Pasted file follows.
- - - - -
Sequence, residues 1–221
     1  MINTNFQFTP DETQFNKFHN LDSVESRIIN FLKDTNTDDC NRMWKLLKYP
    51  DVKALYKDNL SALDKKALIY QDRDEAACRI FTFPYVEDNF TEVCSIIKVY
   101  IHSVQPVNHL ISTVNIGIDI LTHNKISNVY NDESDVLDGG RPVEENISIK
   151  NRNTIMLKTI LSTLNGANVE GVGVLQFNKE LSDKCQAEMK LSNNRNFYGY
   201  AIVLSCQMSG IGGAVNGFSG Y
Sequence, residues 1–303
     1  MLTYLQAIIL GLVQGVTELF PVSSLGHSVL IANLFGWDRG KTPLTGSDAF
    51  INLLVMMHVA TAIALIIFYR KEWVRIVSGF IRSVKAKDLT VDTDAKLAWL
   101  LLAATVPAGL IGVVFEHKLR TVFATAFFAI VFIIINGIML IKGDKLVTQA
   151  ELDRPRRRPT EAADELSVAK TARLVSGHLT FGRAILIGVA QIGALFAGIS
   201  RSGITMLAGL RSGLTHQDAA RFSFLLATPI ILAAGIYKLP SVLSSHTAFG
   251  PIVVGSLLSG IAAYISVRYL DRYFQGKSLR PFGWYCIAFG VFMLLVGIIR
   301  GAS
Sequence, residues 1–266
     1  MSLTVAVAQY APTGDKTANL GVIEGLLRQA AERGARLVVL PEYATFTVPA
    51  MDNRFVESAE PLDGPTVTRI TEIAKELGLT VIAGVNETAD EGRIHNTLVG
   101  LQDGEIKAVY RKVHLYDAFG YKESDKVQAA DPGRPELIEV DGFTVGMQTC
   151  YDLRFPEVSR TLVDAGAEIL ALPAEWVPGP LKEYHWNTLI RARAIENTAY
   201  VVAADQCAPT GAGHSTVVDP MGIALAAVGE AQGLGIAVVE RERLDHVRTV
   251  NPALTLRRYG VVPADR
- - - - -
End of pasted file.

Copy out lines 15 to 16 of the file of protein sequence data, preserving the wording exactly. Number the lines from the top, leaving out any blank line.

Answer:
Sequence, residues 1–266
     1  MSLTVAVAQY APTGDKTANL GVIEGLLRQA AERGARLVVL PEYATFTVPA